Cruel trolls say our disabled children should be put down – they are living on borrowed time | The Sun

DISABLED siblings living on borrowed time are being attacked online by cruel trolls saying they should be 'put down'.

Ava-Grace, four and Henry, two, from Yorkshire have both been diagnosed with two rare conditions called lissencephaly and microcephaly.

Health problems associated with the illnesses often makes lifespan shorter – with the tots given an average predicted lifespan of just 10 years old.

Charlotte Smith, 29, and her partner, Tom Harding, 26 were left "traumatised" after their children's diagnoses.

"We both have an overwhelming fear we don't have long left with our children," Charlotte said.

Microcephaly is characterised by a smaller than average head, usually due to an under-developed brain, and affects one in every 10,000 babies, according to The Brain Charity.

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Meanwhile lissencephaly is a rare, gene-linked brain malformation which has an average life span of 10 years.

In a bid to educate others on the conditions, Charlotte began posting videos of the siblings on TikTok – only to receive a flood of hateful comments.

"We've had people leave harsh comments such as: 'Can't wait to pay for these vegetables for the rest of my life' because we're on disability allowance," the mum of two said.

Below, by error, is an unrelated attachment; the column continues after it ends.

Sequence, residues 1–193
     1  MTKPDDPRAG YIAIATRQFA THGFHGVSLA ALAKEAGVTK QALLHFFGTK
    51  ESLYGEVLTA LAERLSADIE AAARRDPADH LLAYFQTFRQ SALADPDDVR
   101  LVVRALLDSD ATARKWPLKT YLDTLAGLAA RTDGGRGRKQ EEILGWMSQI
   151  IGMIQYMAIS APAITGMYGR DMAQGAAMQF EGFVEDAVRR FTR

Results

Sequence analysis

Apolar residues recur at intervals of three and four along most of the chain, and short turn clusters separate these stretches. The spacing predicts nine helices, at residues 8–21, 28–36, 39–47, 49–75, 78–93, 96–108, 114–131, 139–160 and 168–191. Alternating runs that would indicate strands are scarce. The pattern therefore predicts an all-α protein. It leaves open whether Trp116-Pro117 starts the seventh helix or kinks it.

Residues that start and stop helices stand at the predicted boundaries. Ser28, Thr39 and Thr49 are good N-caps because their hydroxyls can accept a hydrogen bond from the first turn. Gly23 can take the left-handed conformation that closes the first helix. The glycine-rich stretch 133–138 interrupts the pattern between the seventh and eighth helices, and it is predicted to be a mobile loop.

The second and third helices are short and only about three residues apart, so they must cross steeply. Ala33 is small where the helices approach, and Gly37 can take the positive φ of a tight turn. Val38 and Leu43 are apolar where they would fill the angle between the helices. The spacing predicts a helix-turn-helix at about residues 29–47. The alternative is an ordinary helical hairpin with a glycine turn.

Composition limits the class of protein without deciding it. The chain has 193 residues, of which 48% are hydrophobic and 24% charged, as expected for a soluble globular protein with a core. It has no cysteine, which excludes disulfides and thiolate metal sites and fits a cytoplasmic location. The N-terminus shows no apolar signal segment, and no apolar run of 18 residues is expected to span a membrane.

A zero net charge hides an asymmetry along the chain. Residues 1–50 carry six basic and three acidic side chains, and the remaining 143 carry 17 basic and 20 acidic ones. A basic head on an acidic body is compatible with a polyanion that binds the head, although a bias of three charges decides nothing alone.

"Others have said: 'They need putting down, no quality of life' and it's hurtful, but we try not to listen to them.

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"Instead, a lot of the toxic comments are deleted, but we still don't understand why people feel the need to do this."

Since their tragic diagnoses, the children have suffered a whole host of health issues and close shavings with death.

In June 2021, Ava-Grace developed a life-threatening chest infection and then sepsis, which landed her in hospital.

Charlotte said: "I remember thinking we had lost her, as the sense of helplessness was crushing.

"About a week later, she woke up and that gave us a sense of joy."

Meanwhile little Henry suffered with a dangerously slow heart beat – otherwise known as bradycardia.

"I remember the doctors being unsure they would be able to get his heart rate back up, as it was dropping fast, where I had to call Tom to get the hospital quickly as they weren't sure he would make it.

"Amazingly, the doctors managed to stabilise him and he recovered quickly.

"Just when you think you've lost your babies, an unreal feeling of relief hits you as they wake up."

As they've grown older, the twin's condition has progressed, and the couple are now unable to return to work due to being full-time carers.

"They can't hold their heads up and can't really move in at all," Charlotte said.

"Our social lives are non-existent, mainly because we've always got to be around incase they need to go hospital quickly – our daily lives are solely focused on the kids."

Luckily, they receive funding from the council and disability living allowance to ensure finances are covered and are currently looking at a specialised school for both tots.

They have also been assigned healthcare workers to help with the daily needs of their children and have also received life-changing help from New Life, a charity which helps fund new technology for disabled children.

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"It's taken a while to get to a level of peace, where I'd say we're both happy and content," the mum said.

"Most parents celebrate when their children walk or talk, but we can celebrate the smaller things like a smile or giggle during play times," she added.

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